OK: so, what should we think about it? more…
21 Jan, 14 | by Iain Brassington
Reader Keith emailed me a week or so ago to tip me off about the government’s plans to allow private firms to access medical information. It’s a story that has subsequently been picked up by – inter alia – The Guardian.
As with the last post I made here, I’m going to have to cry off from saying much in my own right – I’ve got lectures that need to be written, and I need at least to go through the motions of being competent – but I would draw your attention the Christian Munthe’s take on the matter.
Touch wood, I’ll be able to get back to more frequent blogging soon.
14 Nov, 13 | by BMJ
Guest post by Daniel Sokol, barrister at 12 King’s Bench Walk / King’s College London.
Eight years after coming into force, the Mental Capacity Act 2005 has finally reached the scrutiny of the Supreme Court in Aintree University Hospital NHS Foundation Trust v James  UKSC 67.
David James was a professional musician, and a family man. He had three children, three grandchildren, and many friends. In May 2012, he acquired an infection in hospital which resulted in his admission to the critical care unit. He was put on a ventilator. In the following months, his condition fluctuated. At one point, his heart stopped and he required 6 minutes of CPR. He later underwent a tracheostomy, and received artificial nutrition and hydration. Two months after his admission in hospital, he lost the capacity to make decisions about his medical treatment. In spite of this, Mr James was able to recognise his wife and son, to kiss them, to follow their movements with his eyes, and, on occasion, to smile. His prospects of leaving the hospital were nonetheless slim.
In September 2012, the hospital sought a number of declarations from the Court of Protection, one of which was that it would be in Mr James’ best interests not to receive certain treatments, including CPR, in the event of his deterioration. The family disagreed. They felt he still enjoyed life and that, each time he contracted an infection, he managed to pull through.
The judge at first instance refused to make the declarations. He did not consider the treatments to be futile or unduly burdensome.
The hospital trust appealed to the Court of Appeal. By then, Mr James’s condition had deteriorated dramatically. He was comatose, or semi-comatose, and completely ventilator-dependent. The Court allowed the appeal and made the declarations. On 31st December 2012, Mr James suffered a cardiac arrest and died.
Mr James’s widow appealed to the Supreme Court. more…
19 Sep, 13 | by Iain Brassington
Guest post by Morten Magelssen, Reidar Pedersen, and Reidun Førde
A difficult case involving a patient in an intensive care unit is brought to a clinical ethics consultant. The ethics consultant argues that intensive care is futile and should be withdrawn. The clinicians are grateful for the advice, and, with the assent of the patient’s relatives, decide to withdraw intensive care accordingly.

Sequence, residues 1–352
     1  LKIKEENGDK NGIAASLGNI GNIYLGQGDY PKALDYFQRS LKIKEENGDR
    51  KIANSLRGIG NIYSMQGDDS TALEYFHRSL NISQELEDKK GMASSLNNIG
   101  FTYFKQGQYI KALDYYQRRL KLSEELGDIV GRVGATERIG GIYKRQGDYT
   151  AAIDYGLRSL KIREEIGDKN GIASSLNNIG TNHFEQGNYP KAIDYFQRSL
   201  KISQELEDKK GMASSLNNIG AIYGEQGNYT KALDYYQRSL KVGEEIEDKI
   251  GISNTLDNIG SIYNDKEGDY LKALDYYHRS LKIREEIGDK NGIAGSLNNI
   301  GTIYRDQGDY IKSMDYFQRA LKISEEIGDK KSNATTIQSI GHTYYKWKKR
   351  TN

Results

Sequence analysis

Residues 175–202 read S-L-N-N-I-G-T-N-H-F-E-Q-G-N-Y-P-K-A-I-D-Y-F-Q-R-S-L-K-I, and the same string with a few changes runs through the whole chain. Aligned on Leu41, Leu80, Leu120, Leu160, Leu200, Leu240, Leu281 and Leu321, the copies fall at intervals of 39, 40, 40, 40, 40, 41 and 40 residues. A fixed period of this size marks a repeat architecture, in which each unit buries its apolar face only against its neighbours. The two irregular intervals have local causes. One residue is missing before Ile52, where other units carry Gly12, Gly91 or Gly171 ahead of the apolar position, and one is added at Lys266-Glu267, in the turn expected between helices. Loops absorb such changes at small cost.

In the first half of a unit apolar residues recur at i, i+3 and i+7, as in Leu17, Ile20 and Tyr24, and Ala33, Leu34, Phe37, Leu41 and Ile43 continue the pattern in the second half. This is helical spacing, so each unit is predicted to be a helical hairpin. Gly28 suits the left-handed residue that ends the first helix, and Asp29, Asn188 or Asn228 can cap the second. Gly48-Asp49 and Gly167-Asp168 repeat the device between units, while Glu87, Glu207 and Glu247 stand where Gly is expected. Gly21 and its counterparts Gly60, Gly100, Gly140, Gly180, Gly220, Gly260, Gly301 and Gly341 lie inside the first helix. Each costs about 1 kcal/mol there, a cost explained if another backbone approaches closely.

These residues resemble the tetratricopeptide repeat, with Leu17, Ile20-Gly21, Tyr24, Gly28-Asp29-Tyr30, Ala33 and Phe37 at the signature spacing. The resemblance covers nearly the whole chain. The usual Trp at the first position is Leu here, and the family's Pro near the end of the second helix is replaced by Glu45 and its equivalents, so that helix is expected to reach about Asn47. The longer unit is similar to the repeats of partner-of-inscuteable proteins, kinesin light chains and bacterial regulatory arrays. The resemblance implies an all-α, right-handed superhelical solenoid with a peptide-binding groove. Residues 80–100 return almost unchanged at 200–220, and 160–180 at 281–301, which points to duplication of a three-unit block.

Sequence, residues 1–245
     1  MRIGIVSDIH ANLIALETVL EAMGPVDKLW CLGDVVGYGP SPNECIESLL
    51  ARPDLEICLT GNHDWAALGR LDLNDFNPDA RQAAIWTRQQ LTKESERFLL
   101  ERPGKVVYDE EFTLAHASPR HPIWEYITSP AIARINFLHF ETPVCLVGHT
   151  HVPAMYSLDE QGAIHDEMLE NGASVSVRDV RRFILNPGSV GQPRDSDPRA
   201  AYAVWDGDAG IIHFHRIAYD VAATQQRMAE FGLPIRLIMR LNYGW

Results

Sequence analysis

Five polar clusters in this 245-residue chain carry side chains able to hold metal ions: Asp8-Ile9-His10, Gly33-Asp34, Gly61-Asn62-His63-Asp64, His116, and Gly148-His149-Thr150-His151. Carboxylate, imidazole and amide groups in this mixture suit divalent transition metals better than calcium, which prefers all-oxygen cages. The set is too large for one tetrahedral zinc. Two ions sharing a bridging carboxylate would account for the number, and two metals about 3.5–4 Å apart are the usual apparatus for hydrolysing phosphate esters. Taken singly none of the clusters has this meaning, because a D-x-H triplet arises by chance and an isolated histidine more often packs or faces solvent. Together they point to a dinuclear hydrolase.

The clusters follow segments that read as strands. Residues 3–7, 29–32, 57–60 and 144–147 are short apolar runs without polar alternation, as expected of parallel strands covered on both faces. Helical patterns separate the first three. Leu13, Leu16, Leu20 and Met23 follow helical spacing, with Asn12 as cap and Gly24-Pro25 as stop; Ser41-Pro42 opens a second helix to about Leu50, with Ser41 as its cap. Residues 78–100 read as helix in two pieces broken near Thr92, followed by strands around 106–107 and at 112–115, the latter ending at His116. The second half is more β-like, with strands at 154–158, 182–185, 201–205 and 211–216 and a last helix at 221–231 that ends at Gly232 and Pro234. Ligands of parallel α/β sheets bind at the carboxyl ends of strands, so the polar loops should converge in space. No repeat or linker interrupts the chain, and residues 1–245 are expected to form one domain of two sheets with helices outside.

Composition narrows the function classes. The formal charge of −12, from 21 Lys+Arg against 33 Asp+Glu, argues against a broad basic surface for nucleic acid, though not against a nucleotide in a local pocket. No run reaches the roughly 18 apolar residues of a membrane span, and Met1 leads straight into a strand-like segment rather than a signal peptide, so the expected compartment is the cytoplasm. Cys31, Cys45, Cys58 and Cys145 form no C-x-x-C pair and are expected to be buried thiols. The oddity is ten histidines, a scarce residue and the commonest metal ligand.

Clinical ethics consultation – by committees or individual consultants – involves reflection upon ethically and medically challenging cases. When reflection is carried out in a systematic manner, then ideally the ethically salient points are brought out and discussed in a comprehensive and unbiased way.
But what if the consultation itself introduces new biases and implicit value judgments? We won’t take a stand on how often this in fact happens, but rather draw attention to how easily it may occur and the dangers involved. In our JME article we identify six sources of bias – or conflicts of interest – in clinical ethics consultation. For instance, in the case above, the ethics consultant could be biased towards the interests of health-care professions, or towards the hospital’s interests in keeping costs down and maintaining an unblemished public image. In general, we argue, the potential for harmful biases is greater when the consultation is performed by an individual consultant rather than by a committee.
The introduction of new, harmful biases through ethics consultation, a process intended to reduce biases, would be problematic (and somewhat ironic). Especially considering that, in the eyes of clinicians, the conclusion and advice of ethics consultation may appear to bear a stamp of ”ethically approved”.
We are fundamentally optimistic about the positive role clinical ethics consultation can play in aiding clinicians in the management of ethically complex cases. However, ensuring the quality of clinical ethics case deliberations is vital. Although biases can never be completely eradicated, the identification of potentially significant biases is an important part of quality improvement.
Analysis and discussion of developments in the medical ethics field. Visit site